Marina lower centre, Stearns Wharf at right, State Street leads Downtown
 (courtesy of tourist info office showing public transportation routes)
By Thursday morning summer returned to Santa Barbara while we were at the fuel dock .  We motored into left over swells and fog shortly after.  It was interesting times as we were headed between two sets of offshore platforms. The radar and chart plotter were put to use and the fog thankfully lifted within a few hours.  Once again we were motoring and motor-sailing as we made our way to the Channel Islands Harbor at Oxnard.  A past commodore of the Pacific Corinthian Yacht Club greeted us and directed us to tie up at their guest slip, close to the bridge (very close).  Wish we'd had time to stay another day and really enjoy the generous amenities of this yacht club.

Friday we were up and off the dock by 7:30 am headed for Marina Del Ray.  We went from jackets to long sleeves to short sleeves quite quickly.  About 2 hours from our destination, however, the voltage gauge started to fluctuate wildly so off went the engine.  There was a problem with the regulator and very little wind to keep us moving.  Kelly checked out the obvious items then restarted the engine and we motored very slowly (3.5 knots) the rest of the way to our destination.  Interesting times getting into a very tight slip at the Pacific Mariners Yacht Club, but they had cheerful people ready to help with lines and all was well.  Getting out will be a challenge!  Yesterday Kelly replaced the regulator with our spare (older) one and so far so good. We'll see if it did the trick when Kelly and his brother and friend head out today for some sailing.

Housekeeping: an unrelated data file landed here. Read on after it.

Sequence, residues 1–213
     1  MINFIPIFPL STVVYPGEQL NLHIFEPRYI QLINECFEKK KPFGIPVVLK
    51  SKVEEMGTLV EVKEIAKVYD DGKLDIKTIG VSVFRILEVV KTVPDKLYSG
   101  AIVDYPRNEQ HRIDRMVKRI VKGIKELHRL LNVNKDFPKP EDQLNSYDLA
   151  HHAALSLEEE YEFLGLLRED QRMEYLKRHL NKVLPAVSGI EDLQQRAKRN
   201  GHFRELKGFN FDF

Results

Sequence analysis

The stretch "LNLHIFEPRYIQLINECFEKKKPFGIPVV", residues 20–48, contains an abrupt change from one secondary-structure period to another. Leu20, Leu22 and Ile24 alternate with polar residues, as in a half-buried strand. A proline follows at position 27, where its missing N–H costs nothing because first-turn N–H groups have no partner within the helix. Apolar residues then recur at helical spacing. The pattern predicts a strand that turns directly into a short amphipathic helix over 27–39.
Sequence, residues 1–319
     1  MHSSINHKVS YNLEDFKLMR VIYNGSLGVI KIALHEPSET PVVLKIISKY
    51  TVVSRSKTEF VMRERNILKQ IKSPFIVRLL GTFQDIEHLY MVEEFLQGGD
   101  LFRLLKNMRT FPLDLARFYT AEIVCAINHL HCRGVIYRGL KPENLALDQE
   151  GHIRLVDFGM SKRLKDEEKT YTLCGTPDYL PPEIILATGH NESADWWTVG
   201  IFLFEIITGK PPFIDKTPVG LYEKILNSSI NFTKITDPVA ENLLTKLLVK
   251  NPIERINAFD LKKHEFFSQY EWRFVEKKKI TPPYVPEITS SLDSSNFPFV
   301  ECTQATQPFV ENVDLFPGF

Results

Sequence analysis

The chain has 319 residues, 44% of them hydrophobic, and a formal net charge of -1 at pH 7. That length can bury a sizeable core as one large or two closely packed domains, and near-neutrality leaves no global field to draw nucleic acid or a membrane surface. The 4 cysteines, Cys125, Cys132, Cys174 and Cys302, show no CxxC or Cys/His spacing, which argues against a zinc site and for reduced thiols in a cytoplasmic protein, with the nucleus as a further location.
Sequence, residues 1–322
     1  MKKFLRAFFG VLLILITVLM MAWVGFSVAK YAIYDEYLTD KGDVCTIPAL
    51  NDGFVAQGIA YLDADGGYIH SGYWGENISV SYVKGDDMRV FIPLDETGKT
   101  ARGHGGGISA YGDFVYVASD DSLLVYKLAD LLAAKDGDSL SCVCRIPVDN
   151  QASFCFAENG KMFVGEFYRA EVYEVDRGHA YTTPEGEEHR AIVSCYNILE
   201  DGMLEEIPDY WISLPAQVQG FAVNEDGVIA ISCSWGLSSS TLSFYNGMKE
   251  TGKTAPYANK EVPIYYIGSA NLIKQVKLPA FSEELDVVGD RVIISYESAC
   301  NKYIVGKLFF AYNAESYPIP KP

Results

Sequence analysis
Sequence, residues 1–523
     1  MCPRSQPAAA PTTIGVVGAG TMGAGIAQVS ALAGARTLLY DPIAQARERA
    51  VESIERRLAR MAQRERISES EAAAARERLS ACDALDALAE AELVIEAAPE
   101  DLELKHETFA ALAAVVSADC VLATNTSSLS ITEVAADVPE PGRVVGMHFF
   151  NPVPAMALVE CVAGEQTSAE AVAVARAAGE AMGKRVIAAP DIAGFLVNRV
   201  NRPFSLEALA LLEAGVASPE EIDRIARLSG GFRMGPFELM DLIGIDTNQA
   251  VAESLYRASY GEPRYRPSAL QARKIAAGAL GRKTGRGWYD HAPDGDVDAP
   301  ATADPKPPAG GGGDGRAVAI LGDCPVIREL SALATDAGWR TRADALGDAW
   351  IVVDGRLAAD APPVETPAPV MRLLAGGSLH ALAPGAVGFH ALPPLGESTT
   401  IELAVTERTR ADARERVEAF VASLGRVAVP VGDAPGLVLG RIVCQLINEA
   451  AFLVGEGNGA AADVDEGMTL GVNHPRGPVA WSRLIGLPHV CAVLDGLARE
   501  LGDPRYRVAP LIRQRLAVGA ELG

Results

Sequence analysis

Marina Del Rey is massive - we docked in upper left of main channel
Once again, we wish everyone well and hope to catch up by email as time and Internet access permit.

October 8, 2009

San Francisco to Monterey - to Oct. 8

Who knew how difficult it would be to get consistent wifi access in the United States?

We are currently sitting in the Monterey Peninsula Yacht Club finally able to check emails and do a quick update on the past few weeks.  We spent more time in Sausalito and across the Bay in Pt. Richmond than planned, but now have a new refrigeration system and other repairs attended to.  Pam and Dennis on SV Pamdemonium caught up with us in Richardson Bay before we headed out and it was enjoyable to catch up with other BCA fleet boats.